Many living at the Acropolis Gardens cooperative apartments in Astoria have been without gas and hot water for eight weeks.

At a rally Monday, in front of the buildings on 33rd Street and Ditmars Boulevard, elected officials sought to put pressure on all parties involved — including Con Edison, which shut off gas in eight of the 16 buildings on April 29, and the management company, which Con Edison and the city Department of Buildings say had illegal pipework resulting in the shut-off — to fix the situation.

As of Monday, only two of the eight affected buildings had gas and hot water restored.

“Enough is enough. It’s time to get the work done,” said City Councilman Costa Constantinides (D-Astoria), who said he’s been speaking to Con Edison and the DOB, which he noted has a list of violations for the Acropolis buildings on its website. He stressed that work should be done as soon as possible while the different parties see who is responsible.

“Do the work first. Stop pointing fingers,” he said.

At a protest on Sunday morning, management again placed blame on Con Edison, which has said throughout the ordeal that responsibility for repairing the situation and filing the proper paperwork with the DOB lies with the building owners.

On Monday, state Sen. Mike Gianaris (D-Astoria) noted how community members had no electricity for 10 days several years ago and “the whole community fell apart.”

“These people have been almost two months,” Gianaris said. “Enough is enough.”

Public Advocate Letitia James called it all a “bureaucratic nightmare for the residents.”

Before the rally, resident Azeddine Makhloufi said many are now even more affected since Ramadan began.

“We use the kitchen a lot in this month,” he said, adding not having gas has made observing the holiday difficult. “They tell me they were going to fix it next week, next week, for a month. It’s unprofessional.”

Several at the rally also expressed frustration over how management operates, claiming that it’s typically difficult to get in touch and have problems fixed.

One resident, who only went by Luke, said that management has done “absolutely nothing” in terms of being responsive to residents on maintenance issues. He said that he’s told that since he owns his unit, he is responsible for things he believes are the building’s responsibility, such as a broken front door.

In a cooperative, multiple shareholders typically own the buildings, with one corporation managing it.

“They point a finger and they never come by,” Luke said, adding they had to threaten to sue to have workers come by before he had to leave for the night.

Another resident, Karla, said her mother has lived in the building for more than 30 years and experiences the same issues.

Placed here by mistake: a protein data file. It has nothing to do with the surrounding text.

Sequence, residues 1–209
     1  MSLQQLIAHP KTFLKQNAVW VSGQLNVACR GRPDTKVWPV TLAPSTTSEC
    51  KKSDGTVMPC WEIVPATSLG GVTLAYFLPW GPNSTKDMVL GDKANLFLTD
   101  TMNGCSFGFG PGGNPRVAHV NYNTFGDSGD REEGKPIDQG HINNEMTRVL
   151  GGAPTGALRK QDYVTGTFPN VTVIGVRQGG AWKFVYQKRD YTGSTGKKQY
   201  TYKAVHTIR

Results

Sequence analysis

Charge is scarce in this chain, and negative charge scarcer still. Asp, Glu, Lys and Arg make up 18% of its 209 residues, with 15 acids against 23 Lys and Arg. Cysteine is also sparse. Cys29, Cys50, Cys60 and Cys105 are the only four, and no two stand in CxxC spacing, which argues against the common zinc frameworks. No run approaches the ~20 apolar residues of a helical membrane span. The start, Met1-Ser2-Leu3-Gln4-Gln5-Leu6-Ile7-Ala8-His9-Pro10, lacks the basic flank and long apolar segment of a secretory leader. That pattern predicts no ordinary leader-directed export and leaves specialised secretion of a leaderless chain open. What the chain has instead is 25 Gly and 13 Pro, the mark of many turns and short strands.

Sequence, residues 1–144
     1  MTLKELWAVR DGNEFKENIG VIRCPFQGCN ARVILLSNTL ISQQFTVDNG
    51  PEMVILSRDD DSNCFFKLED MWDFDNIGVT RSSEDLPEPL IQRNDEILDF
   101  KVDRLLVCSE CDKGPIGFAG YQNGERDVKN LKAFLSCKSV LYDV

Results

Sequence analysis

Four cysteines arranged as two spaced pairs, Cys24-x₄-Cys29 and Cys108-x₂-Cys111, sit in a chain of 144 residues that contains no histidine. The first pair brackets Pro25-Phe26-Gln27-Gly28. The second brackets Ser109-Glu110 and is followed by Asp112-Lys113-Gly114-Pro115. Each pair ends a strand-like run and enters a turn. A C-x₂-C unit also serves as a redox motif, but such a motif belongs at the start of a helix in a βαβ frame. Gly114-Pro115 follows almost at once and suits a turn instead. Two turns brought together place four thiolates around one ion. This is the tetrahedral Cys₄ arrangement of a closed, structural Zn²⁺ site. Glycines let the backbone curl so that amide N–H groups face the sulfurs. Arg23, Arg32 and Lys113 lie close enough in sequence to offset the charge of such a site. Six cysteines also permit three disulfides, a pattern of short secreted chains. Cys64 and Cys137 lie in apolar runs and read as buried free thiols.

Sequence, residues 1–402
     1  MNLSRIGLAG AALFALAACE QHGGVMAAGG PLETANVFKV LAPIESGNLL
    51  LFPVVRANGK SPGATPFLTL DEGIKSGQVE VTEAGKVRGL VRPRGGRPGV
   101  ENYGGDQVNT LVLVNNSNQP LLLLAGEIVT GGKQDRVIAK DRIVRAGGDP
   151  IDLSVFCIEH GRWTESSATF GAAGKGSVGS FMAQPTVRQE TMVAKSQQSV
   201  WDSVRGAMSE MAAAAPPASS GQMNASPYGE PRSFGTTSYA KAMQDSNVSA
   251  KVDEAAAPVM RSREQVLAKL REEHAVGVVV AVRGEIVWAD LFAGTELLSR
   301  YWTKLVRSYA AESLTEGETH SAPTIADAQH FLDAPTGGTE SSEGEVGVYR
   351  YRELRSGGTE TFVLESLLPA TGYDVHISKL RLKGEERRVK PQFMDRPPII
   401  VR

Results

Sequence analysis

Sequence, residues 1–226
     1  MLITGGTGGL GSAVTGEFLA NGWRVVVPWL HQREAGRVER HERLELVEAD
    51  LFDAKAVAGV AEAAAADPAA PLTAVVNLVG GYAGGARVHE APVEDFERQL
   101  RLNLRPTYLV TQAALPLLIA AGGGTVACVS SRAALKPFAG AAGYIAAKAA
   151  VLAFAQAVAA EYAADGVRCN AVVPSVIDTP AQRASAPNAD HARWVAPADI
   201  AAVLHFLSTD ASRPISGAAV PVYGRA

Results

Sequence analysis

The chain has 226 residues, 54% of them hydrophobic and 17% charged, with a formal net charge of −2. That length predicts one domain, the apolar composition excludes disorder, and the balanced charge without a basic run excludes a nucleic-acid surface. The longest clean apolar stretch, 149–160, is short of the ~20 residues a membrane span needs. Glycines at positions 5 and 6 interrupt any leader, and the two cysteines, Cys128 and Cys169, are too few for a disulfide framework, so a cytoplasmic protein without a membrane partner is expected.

“You have to call them back two or three times to get an answer first of all,” another woman, Emma, added.

Another man, who chose not to be named, compared the way the building manages the property to how he’s seen NYCHA property handled, something he stressed he’s familiar with.

“It’s ridiculous we have the problems that we do,” the man said. “It’s poor management that’s holding this place backwards.”

When asked about these residents’ claims, a spokesman for Metropolitan Pacific Properties said, “I would like to see the proof. We have a clear system in place.”

The rally, in which management representatives were also present, sparked audible anger in some residents.

When a lawyer for the management company urged people to call Con Ed, the “only entity with the power to turn the gas back on,” he described, one man became upset.

“With respect, there’s only one entity here that’s actually capable of replacing broken equipment and that’s the people who own this property,” the resident, who also preferred to remain anonymous, said. “The people who have the power to replace the crappy equipment that’s in that basement, where the hell are they? Where are they? … I can’t even get them on the phone.”

Others began asking how to get in touch with a co-op board or how to attend meetings while stressing that they aren’t given that information, as they should as cooperative shareholders.

Nick Alexander, a five-year resident, stressed to the lawyers that he has never voted for a board member nor been informed of any meetings. He repeatedly asked, “When do meetings occur?”

The lawyer told Alexander to put a request in writing to make a demand.

After the rally, James said that she has heard a number of complaints about management and will defer to the area’s elected officials to investigate any evidence of wrongdoing.

“Most of the complaints that I’ve heard this morning have to do with the lack of utilities,” James said. “So, all of the alleged illegality with respect to management is nothing right now. There’s no concrete evidence. There’s just a lot of anecdotes.”

Constantinides said that if residents bring the concerns to his office, he would be “happy to look into them.”

Owner Steve Osman, of Metropolitan Pacific Properties, said they plan to file a lawsuit against Con Edison, seeking at least $2,000 per resident.

When asked about resident complaints against management’s practices, he said, “You always have the 10 percent.” He said most people aren’t upset.

When asked what the management company should have done differently, Osman again called out Con Edison, stressing that they should have been given time to show the company their permits.

James’ office is still trying to organize a meeting with all responsible parties.


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